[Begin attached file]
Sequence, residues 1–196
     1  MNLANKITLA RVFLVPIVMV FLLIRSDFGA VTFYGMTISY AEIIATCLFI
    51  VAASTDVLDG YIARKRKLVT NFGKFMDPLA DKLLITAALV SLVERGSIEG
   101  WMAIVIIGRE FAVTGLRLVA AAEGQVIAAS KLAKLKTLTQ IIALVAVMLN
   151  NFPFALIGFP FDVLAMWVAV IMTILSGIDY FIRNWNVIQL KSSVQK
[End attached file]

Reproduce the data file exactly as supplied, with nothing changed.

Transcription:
Sequence, residues 1–196
     1  MNLANKITLA RVFLVPIVMV FLLIRSDFGA VTFYGMTISY AEIIATCLFI
    51  VAASTDVLDG YIARKRKLVT NFGKFMDPLA DKLLITAALV SLVERGSIEG
   101  WMAIVIIGRE FAVTGLRLVA AAEGQVIAAS KLAKLKTLTQ IIALVAVMLN
   151  NFPFALIGFP FDVLAMWVAV IMTILSGIDY FIRNWNVIQL KSSVQK